Let’s also take into account your personality type. If you are quite reserved and don’t like attention, it can be a challenge to ask 100 strangers to look at you or to confidently pull people into groups. Ask anyone who has attended a wedding about the group photos and they will often say things such as ‘they took bloody ages’ ‘they were so painful’ or ‘the photographer was very bossy’.

A bride and her bridal party pose for wedding group photos in cool heart shaped glasses

There is probably nobody who wakes up on a wedding day thinking, ‘I cannot wait for group photos’. Not the couple, not the guests, and not you. However, these will be the images that mean the most to them as time goes on. 

This year is my 20th wedding anniversary and when we look at the photos from our wedding, it is the groups that we are drawn to the most. Our children are fascinated by them, seeing the people that they know as the younger versions of themselves. Sadly after all this time, not everyone is still in our lives but these images are the record of who was at the time our marriage began. There is a very precious legacy element to group photographs and so I believe that whatever style of photographer you are, it is an important part of your skillset to be able to produce these.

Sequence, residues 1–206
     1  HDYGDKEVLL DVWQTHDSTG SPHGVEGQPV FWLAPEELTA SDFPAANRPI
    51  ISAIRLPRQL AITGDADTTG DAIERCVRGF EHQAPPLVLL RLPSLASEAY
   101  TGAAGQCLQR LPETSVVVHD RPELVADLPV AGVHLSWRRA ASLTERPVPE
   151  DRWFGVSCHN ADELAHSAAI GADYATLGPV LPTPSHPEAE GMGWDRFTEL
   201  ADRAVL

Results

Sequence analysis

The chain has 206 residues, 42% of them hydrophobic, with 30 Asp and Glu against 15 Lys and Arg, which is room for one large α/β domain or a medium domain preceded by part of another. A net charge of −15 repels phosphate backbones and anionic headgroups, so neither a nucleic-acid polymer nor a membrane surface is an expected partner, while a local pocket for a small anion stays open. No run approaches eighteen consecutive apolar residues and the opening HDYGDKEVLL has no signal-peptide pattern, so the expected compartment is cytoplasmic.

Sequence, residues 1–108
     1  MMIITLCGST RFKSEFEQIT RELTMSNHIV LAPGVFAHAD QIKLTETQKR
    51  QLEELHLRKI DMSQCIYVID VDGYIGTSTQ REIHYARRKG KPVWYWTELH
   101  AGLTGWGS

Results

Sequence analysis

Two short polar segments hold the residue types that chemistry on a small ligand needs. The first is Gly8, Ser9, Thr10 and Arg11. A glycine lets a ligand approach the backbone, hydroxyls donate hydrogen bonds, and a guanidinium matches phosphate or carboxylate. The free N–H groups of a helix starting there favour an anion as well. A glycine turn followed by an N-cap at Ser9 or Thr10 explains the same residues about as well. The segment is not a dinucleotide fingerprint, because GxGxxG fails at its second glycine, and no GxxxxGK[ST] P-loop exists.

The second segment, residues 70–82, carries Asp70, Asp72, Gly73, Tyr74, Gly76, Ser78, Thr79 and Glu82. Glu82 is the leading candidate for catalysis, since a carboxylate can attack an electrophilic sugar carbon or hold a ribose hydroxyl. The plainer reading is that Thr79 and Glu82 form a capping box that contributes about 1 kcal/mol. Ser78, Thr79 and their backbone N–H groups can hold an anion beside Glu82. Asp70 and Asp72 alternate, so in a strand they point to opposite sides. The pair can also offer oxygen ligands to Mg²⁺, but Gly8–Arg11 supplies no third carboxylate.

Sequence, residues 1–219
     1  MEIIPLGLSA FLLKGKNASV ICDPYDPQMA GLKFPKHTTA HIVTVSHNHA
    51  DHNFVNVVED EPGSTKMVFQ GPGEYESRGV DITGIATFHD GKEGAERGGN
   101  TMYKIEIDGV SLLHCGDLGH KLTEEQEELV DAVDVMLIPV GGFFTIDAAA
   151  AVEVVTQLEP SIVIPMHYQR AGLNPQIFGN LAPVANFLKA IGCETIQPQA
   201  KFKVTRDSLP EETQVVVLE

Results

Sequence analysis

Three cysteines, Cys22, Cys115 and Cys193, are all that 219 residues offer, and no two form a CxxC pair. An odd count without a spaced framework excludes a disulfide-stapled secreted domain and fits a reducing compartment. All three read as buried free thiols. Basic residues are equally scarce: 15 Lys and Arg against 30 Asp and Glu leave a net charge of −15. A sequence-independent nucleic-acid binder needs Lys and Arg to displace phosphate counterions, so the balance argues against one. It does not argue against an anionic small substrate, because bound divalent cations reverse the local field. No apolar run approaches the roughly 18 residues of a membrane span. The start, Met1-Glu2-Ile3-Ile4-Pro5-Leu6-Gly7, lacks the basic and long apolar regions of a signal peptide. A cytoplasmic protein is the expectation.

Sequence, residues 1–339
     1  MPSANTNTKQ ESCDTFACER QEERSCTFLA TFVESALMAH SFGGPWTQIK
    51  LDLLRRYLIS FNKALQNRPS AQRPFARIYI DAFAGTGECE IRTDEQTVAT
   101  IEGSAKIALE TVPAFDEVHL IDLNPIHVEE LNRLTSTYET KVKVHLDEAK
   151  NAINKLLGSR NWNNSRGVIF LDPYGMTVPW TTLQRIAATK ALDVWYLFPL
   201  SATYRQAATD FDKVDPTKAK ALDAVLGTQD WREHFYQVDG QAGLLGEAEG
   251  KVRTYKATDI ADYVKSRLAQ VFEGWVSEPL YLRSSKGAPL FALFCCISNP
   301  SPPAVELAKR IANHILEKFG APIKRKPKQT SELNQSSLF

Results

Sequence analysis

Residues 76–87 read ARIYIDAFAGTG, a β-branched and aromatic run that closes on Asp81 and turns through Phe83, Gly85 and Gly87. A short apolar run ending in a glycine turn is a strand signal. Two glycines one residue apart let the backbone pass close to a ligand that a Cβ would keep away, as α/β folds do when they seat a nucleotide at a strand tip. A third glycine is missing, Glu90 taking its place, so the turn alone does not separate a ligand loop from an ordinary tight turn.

After a couple of decades in weddings, I’ve honed my technique on how to do them and can happily pass on some tips.

1.Make A Plan In Advance: Even with the most laid-back or reluctant clients, I always work with them ahead of the wedding day to plan when we will do their group photos and who needs to be in them. I once photographed a wedding where the couple said they didn’t want to do any formal groups. Then on the day, they changed their minds and we ended up doing 25 lineups! The groom was so drunk that he had his eyes closed in almost every frame. So after that, I always push to make a plan.

2. Pick Your Location: For the lineups, I go for easy access. Do them close to where the drinks are served as this is where people will already be gathered. Ideally they would be in the shade but if I have to I will position people with the sun behind them so that they are not squinting. Fill in flash can be your friend here, especially if you end up dealing with changeable or dappled light.